Our stomachs can fit about 900 ml of food, equivalent to about 4 cups. 200 calories of carrots fills 4 cups. 200 calories of strawberries is 4 cups. A stomach-full of spinach, 4 cups, is 30 calories. Some foods are impossible to overeat. The main trigger for satiety, the feeling of fullness after a meal, is still stretch receptors in the stomach lining, and it's almost impossible to over consume calories from whole foods. The issue isn't people stuffing their faces with too much fruits and veggies.



We have traded health for convenience, comfort and shelf life. Cue processed foods. Although some processing is useful, such as freezing, blanching, or pickling foods, other types of processing actually modify the chemical structure of food, in order to preserve them longer, or make the food tastier or cheaper to produce. When we ultra-process these foods, we increase their calorie content exponentially. We also remove the nutrition and chemicals (including fiber) that send signals of fullness to our brains. Each mouthful of processed food contains more calories than their whole food counterpart, without being able to create that feeling of satiety that makes us feel full. We are left overfed and under-nourished, and nutrient deficiency leaves us begging for more food. Not to mention that foods with a high glycemic index (used to measure how fast foods cause our blood sugar to rise) are proven to increase appetite and lead to increased calorie intake. Guess which foods have the highest glycemic index...processed foods. By processing foods, we have increased its dose of sugar, salt and fat. Lab created foods never existed in nature, and our brains were never supposed to encounter these foods in real life. Their ultra-concentrated doses of salt, sugar and fat can be easily compared to addictive street drugs. Processing of coca leaves produces cocaine and poppy plants create heroin.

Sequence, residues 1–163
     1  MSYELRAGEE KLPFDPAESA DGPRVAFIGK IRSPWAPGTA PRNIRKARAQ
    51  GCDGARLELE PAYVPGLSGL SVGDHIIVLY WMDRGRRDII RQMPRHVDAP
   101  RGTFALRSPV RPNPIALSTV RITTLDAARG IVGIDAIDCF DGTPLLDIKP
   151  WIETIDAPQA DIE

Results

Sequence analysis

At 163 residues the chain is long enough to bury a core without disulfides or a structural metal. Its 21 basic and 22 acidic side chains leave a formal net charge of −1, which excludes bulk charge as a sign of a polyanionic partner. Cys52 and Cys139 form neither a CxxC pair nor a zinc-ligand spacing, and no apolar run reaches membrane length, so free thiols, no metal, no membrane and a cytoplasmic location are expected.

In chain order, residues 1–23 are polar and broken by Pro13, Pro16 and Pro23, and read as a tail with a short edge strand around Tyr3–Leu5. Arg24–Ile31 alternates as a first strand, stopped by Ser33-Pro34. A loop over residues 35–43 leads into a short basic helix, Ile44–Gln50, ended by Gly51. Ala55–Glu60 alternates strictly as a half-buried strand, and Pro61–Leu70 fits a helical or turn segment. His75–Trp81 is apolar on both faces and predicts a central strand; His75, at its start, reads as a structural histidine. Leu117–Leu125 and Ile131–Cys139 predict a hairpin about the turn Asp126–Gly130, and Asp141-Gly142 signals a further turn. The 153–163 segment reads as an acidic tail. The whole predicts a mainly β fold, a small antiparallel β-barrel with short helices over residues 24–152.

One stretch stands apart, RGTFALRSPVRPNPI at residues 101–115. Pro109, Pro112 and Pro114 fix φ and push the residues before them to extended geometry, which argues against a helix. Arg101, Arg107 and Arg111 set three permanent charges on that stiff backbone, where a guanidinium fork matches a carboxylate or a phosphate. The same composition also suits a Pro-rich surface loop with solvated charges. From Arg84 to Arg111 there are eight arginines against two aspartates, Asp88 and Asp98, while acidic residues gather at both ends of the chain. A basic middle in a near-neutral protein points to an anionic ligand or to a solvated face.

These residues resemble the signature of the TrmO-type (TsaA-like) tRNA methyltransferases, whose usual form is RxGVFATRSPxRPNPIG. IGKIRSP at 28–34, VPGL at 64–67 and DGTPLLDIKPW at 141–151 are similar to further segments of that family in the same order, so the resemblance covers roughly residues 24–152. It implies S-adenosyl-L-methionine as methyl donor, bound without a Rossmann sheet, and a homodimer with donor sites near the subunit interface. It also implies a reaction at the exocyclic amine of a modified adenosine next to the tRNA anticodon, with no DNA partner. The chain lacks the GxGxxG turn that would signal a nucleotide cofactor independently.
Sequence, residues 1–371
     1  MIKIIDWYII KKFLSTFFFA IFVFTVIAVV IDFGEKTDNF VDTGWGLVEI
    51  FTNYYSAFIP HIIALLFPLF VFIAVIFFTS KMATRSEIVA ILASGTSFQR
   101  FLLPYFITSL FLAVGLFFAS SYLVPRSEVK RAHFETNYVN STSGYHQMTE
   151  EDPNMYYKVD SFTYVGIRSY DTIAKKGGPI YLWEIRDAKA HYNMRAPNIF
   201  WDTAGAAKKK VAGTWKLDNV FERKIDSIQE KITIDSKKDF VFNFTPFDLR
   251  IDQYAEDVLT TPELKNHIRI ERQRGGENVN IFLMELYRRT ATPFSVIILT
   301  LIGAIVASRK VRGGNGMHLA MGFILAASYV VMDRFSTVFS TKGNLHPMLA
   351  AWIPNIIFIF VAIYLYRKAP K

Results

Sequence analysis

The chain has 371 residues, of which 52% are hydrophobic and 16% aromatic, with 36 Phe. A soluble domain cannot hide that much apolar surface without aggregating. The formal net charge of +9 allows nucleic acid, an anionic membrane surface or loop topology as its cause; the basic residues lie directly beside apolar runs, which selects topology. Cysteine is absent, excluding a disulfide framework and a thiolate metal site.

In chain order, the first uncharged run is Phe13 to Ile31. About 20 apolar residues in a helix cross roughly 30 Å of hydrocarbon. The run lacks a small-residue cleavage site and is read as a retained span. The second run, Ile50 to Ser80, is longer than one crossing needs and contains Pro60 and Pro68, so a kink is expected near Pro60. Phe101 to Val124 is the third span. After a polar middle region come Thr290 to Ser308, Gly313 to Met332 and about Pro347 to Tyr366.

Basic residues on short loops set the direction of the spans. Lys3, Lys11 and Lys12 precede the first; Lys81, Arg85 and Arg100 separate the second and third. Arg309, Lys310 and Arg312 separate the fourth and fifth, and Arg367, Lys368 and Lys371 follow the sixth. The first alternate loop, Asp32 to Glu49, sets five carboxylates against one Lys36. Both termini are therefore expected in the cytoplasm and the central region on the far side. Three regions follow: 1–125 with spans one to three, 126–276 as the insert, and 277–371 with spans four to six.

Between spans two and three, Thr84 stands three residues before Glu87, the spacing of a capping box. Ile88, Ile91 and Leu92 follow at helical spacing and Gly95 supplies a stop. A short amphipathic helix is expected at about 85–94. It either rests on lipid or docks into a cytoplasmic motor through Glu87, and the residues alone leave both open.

Have you ever taken a bite of an apple after a drink of Pepsi? Do you know what the apple would taste like? Nothing. It would taste like nothing. Your brain and taste receptors get dumbed down by the super-natural sugar influx. Normal doses of sugar, like those in an apple, don't taste like anything anymore. That's why people switching to a healthier diet, after years of consuming ultra-processed food, have such a hard time. Natural food has barely any taste after years of overdosing on processed crap. Rest assured, those transitioning slowly will notice a normal return of their taste sensations within a few weeks of switching back to whole foods. And after years of being on a whole food diet, the thought of a twinkie, or a doughnut simply makes me sick to my stomach. On an MRI brain scanner, people eating highly processed foods will light up their brain areas just like a cocaine addict, even after just seeing a photo of a processed food they love.